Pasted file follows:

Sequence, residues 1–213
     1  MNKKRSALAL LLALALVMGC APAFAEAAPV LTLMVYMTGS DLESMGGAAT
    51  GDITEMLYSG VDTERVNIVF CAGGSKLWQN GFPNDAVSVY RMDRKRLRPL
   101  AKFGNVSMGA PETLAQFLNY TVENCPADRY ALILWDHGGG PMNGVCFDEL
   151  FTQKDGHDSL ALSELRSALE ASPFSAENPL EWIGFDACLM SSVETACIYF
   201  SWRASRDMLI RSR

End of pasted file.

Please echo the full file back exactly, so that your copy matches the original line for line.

Sequence, residues 1–213
     1  MNKKRSALAL LLALALVMGC APAFAEAAPV LTLMVYMTGS DLESMGGAAT
    51  GDITEMLYSG VDTERVNIVF CAGGSKLWQN GFPNDAVSVY RMDRKRLRPL
   101  AKFGNVSMGA PETLAQFLNY TVENCPADRY ALILWDHGGG PMNGVCFDEL
   151  FTQKDGHDSL ALSELRSALE ASPFSAENPL EWIGFDACLM SSVETACIYF
   201  SWRASRDMLI RSR